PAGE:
Lauren Vazquez is a fourth-year graduate student in the Child Clinical PhD program. Her primary research interests are parent-child interaction, child development, and the biological aspects of human functioning, in particular neural functioning. Lauren’s mentor is Dr. Pamela Cole.
As a graduate student, Lauren’s research has centered on the development of emotion regulation in early childhood via verbal and nonverbal affective communication processes and potential biological correlates. While working on her Masters’ thesis, she found that the frequency of maternal emotion talk and nonverbal positive emotion predicted the likelihood that children used emotion talk. Lauren has successfully collaborated with multiple faculty members and for her comprehensive exam she presented a framework for research on the development of children’s emotional regulation strategies. To date, she has first-authored one publication, co-authored four, first-authored four presentations and co-authored three. Her dissertation will focus on the neural correlates of children’s processing of affective prosody. Lauren received her Bachelor of Arts degree cum laude in Psychology from Pomona College in Claremont, CA. As an undergrad, she spent time working with underserved preschool-aged children, which sparked her interest in child development and emotion regulation. Lauren’s postbaccalaureate research experience took place at the Yale Child Study Center, where she focused on electrophysiology, emotion, and parent-child relationships.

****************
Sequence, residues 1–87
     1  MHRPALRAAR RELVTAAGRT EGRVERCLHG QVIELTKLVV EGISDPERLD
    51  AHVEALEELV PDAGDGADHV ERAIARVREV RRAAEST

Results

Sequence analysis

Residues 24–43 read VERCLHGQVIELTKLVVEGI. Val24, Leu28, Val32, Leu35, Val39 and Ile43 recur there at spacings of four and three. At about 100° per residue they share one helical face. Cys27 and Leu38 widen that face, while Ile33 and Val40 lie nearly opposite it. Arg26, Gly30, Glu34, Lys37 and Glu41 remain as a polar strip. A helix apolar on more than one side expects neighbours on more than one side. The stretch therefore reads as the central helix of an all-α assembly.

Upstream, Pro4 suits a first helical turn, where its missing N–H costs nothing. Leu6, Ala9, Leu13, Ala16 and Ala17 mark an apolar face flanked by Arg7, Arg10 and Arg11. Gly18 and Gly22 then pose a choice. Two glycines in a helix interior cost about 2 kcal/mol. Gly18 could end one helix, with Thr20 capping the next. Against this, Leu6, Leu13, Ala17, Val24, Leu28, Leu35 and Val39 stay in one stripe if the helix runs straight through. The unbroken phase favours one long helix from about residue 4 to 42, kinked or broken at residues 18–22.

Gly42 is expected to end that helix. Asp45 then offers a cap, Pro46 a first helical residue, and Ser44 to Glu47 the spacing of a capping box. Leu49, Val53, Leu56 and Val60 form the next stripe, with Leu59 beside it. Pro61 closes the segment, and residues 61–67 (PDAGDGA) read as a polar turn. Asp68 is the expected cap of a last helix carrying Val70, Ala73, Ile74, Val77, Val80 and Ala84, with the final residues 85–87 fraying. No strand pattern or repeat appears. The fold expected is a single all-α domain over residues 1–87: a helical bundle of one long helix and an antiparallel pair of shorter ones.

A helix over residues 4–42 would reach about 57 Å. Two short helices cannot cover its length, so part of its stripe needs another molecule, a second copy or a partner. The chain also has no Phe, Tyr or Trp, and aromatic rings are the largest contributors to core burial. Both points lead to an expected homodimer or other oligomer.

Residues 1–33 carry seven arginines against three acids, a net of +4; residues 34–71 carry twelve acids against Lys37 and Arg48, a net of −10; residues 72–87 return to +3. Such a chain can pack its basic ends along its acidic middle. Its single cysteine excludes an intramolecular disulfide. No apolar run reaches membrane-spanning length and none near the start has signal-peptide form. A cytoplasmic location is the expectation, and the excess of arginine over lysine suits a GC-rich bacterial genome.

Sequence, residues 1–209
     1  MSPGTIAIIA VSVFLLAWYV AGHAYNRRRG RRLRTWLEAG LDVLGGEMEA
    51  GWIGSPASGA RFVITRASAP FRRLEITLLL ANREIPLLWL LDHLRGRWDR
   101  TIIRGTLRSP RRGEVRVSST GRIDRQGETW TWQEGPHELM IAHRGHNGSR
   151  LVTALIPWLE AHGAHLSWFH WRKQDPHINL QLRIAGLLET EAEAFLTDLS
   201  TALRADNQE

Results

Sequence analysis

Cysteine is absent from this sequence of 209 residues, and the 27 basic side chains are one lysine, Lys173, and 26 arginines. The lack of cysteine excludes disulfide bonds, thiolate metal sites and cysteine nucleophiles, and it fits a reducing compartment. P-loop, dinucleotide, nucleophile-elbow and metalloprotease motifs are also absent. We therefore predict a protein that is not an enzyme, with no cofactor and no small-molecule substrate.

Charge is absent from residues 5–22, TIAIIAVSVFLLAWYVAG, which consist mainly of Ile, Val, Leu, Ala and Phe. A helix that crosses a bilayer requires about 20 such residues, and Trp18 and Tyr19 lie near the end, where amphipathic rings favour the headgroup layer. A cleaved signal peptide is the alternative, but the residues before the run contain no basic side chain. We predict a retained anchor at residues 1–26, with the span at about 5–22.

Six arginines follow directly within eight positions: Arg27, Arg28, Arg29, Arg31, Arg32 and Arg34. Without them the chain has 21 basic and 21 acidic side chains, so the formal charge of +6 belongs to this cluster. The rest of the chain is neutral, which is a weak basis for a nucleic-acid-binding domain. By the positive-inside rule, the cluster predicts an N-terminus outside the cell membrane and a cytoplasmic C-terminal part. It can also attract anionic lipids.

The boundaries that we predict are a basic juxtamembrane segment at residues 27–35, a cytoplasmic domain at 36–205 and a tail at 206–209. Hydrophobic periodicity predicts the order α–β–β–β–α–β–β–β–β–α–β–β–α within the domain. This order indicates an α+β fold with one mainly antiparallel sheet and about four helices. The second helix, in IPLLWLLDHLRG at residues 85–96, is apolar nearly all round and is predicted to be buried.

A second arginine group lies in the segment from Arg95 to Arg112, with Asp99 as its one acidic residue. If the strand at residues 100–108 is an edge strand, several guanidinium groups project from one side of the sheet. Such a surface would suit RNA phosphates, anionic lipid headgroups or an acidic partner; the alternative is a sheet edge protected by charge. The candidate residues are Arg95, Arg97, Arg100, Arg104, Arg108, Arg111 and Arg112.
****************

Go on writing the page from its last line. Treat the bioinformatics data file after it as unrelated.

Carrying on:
The Strumpf Scholar Award will help Lauren accomplish several goals. She plans to expand her knowledge of data analytic methods, devote time to working on multiple manuscripts, and prepare her dissertation findings for conference presentations and publications. She plans to continue research that takes a multi-method approach to understanding individual and relationship factors influencing the development of typical and atypical emotion regulation. The Strumpf Scholar Award will enable Lauren to make signification progress on her long-term goal of having an academic career focused on this research.